As evening approached they would sight a likely place to pull in for the night and make camp. In those days, there were no restrictions on where you could go or camp or what you could do really. No one even knew you were there and you very seldom even saw other people all day long. Very different from the crowds of drunken college students frequenting the river and filling it up from bank to bank now that it had become “civilized” and advertised. So, sad really. It probably needed the protection offered by the Wild and Scenic designation, but, in the man’s mind, it was ruined for all time. His children would never be able to experience it in the same way that he had. Even the Powder Mill Cave, “their” cave if ever there was one, was now locked up and blocked. Probably most of the many other caves they had explored in the Blair Creek Valley and the surrounding area had suffered similar fates. Progress.
The evening routine consisted, as usual, of setting up camp by selecting some level, rock-free sites and then pitching tents and tarps, rolling out sleeping bags and foam pads, and then preparing the evening meals. Meal preparation varied widely depending on the trip. For an overnighter, folks often brought fresh milk, bacon, eggs, and a T-bone steak! For longer trips, freeze-dried foods were usually the fare. Food could be kept cool by building a little “cooler” in the river out of rocks. A roaring fire was, of course, standard in those days. No thought of fire restrictions anywhere ever entered the boy’s minds. It was usually kept going all through the night to ward off animals and to provide heat in the cool evenings and mornings by the riverside. Tired after a full day of paddling, usually the Troop would head off to bed soon after the Sun had. It would be an early sunrise.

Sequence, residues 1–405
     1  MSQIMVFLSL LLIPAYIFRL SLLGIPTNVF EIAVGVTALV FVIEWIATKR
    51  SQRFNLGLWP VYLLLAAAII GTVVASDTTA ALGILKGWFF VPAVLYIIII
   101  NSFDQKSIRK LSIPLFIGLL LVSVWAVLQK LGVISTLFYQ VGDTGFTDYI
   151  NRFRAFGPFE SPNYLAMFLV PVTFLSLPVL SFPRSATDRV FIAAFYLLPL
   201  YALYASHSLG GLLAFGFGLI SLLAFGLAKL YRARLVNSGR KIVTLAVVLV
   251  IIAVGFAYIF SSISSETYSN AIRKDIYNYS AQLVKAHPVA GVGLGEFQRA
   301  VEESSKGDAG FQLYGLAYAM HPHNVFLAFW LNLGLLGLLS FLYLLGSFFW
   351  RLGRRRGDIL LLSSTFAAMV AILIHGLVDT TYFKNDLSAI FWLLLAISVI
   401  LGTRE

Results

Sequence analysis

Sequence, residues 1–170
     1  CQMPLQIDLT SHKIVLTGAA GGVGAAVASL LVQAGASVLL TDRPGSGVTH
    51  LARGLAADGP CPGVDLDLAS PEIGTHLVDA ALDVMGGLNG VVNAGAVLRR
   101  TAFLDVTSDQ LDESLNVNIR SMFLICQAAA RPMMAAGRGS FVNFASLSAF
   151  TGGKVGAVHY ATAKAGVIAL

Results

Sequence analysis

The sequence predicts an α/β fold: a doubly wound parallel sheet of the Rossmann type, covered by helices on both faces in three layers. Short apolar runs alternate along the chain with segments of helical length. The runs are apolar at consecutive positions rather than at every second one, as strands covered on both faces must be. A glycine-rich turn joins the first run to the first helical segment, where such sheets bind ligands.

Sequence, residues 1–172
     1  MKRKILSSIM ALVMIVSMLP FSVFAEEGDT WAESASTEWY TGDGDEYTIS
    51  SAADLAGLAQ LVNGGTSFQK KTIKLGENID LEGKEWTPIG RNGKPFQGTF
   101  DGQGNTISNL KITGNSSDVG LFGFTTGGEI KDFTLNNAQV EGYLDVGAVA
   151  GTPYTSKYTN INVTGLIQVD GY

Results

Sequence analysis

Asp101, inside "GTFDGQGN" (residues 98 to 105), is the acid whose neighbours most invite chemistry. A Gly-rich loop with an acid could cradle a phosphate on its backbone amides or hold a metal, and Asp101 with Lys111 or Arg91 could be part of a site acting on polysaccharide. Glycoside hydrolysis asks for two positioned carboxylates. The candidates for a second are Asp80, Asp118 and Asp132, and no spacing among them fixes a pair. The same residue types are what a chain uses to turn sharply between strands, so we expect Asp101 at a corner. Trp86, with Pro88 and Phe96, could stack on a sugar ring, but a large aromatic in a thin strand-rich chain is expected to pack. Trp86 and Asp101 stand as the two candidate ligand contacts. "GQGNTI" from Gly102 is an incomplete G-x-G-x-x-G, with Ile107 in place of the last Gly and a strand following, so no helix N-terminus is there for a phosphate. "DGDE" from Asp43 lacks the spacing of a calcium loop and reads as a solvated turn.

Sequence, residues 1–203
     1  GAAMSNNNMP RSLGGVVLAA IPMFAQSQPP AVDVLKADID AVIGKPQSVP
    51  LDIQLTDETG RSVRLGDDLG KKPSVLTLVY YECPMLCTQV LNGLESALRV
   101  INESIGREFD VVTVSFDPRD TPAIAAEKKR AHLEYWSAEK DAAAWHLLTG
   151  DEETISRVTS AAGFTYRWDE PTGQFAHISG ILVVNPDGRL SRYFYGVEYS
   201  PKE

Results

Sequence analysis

During the night, all sorts of sounds could be heard, given their location out in the middle of nowhere. Most of the boys were used to these sounds, but the newbies could experience some sleepless hours as they tried to discern just what it was that was out there. There was an urban – or was it wilderness – legend about one particular varmit out here. It was not quite known what it really was, bird or reptile or mammal, but it was called a “coot”. There was even a mountain downstream from Jack’s Fork called Coot Mountain. Which one, if any, of the myriad of noises heard during the night was a coot it could never be known. Was it a complete myth like a “snipe” of snipe-hunting fame? Or, was it just a local critter? Small or large, tame or vicious, it would always haunt the boy’s imaginations.